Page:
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*To*: fom@math.psu.edu*Subject*: FOM: ZFC orthodoxy/wider story*From*: Harvey Friedman <friedman@math.ohio-state.edu>*Date*: Tue, 28 Dec 1999 12:24:42 -0500*Sender*: owner-fom@math.psu.edu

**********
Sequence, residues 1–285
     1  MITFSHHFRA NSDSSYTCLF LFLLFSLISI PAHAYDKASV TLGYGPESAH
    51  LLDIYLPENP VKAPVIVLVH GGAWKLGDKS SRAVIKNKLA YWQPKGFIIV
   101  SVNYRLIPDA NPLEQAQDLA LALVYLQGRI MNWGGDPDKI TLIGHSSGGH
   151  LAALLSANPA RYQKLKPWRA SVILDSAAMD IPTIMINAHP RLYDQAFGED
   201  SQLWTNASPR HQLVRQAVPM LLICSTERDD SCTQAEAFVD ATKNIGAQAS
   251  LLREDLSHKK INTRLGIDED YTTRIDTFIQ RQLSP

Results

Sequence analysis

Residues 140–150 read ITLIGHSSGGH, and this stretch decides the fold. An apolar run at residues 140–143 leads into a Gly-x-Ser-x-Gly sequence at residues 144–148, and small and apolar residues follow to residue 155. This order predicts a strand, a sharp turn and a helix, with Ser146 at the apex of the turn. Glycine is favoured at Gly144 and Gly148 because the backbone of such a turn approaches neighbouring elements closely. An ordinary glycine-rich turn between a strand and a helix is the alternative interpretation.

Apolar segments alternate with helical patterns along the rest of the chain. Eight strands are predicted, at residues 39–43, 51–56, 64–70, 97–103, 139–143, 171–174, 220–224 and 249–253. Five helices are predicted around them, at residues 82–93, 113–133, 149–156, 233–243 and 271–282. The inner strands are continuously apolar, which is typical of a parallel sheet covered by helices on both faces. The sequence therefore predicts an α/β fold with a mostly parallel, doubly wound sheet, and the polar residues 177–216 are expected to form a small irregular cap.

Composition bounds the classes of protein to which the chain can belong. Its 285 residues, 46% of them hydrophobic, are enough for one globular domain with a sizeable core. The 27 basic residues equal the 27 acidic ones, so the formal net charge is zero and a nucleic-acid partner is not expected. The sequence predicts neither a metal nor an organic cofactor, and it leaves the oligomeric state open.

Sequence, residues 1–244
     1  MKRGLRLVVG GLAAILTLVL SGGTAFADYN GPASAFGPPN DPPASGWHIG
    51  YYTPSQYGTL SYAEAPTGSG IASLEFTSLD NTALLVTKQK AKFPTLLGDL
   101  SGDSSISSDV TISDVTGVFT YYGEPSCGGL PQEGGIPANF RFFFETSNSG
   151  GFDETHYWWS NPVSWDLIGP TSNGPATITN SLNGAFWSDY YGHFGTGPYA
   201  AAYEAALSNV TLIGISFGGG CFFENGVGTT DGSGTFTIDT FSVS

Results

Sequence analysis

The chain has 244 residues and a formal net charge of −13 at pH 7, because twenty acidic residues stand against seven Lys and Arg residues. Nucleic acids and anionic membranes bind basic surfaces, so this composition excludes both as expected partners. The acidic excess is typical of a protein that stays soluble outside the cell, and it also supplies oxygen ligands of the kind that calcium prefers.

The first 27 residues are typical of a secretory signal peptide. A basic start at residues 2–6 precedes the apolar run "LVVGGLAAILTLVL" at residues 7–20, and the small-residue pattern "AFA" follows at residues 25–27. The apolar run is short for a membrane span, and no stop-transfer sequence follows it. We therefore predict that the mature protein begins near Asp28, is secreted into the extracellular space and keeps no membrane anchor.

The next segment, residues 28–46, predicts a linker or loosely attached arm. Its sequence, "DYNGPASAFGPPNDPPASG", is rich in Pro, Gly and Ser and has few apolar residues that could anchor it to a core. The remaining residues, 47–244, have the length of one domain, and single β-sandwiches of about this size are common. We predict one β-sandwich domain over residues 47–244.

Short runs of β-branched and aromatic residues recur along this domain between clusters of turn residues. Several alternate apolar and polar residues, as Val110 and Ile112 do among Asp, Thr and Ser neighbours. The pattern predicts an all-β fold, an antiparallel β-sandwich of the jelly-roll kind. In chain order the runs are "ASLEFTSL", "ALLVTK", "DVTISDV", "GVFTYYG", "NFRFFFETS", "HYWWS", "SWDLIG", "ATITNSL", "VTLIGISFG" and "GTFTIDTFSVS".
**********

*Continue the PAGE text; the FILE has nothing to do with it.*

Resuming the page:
Simpson writes 6:58PM 12/21/99: >On the one hand, I speculate that the currently dominant, ZFC-style, >set-theoretic-foundational orthodoxy may well fall into disrepute >fairly soon. I do not believe that it will fall into any kind of disrepute. What is more likely to happen is that when the story of f.o.m. is told, it is told in a way that makes it clear that there is much more going on than just the formalization of mathematics in ZFC. Disrepute - no. In fact, I believe that ZFC captures all information about sets that is "simple", and this can be properly formalized and proved. In this sense, ZFC is complete, and certainly not going to go away or fall into disrepute. Of course, this leaves open the possibility that certain kinds of orthodoxy might, however, fall into disrepute. >This speculation is based on observation of recent >directions in f.o.m. research. On the one hand, recent >set-theoretical research points to a need for large cardinal axioms >going far beyond ZFC, in a somewhat unpcontrollable way. I would put it differently. There is the expectation that large cardinal axioms can be productively used in order to get new kinds of information about standard objects of mathematics that cannot be obtained without them - and this is just starting to happen to some extent. Even if this happens, people will rightfully be interested in just when large cardinals are needed, and just when ZFC is sufficient - partly because of the preferred status of ZFC as capturing all of the "simple" facts about sets. >On the other >hand, recent research on subsystems of second-order arithmetic >indicates that the bulk of current mathematical practice is >formalizable in systems much weaker than ZFC. That's part of *the story of f.o.m.* that includes more than just the formalization of mathematics in ZFC. >My feeling is that both >of these research directions tend to put the ZFC orthodoxy into >question, and this could result in widespread rejection of the ZFC >orthodoxy within the next 100 years. I wouldn't put it this way. The positive way to say this is that ZFC tells only part of the story. >On the other hand, I predict that our current 20th century idea of >mathematical rigor, explicated in terms of formalization in >first-order logic, a.k.a. the predicate calculus, will surely remain >vital and of the essence in pure mathematics, for at least the next >500 to 1000 years. To me these ideas seem so compelling that I can >see no viable alternative. >In sum, my feeling is that mathematical rigor and the predicate >calculus will endure much, much longer than ZFC set theory as an >f.o.m. orthodoxy. Well, I can already see that "predicate calculus" is also only part of the story, too. It is only part of the f.o.m. model for reasoning story. First of all, predicate calculus cannot even be used at all in the formalization of reasoning without practical modifications. E.g., abbreviation power. And then it cannot really be used yet, because of it being virtually impossible to support actual reading and writing. As you know, I have continually said that this can be remedied - with hard work - and I made some starts. And the ongoing Mizar project is relevant. So both predicate calculus and ZFC are only part of the f.o.m. story. You, like Buss, wish to draw some sharp distinctions between the two of these. Well, I think that is hard to do this in a really convincing way. But I would like to have the luxury of not trying to make such sharp distinctions, and instead say that both of them are only part of a more sophisticated story - the story of f.o.m.

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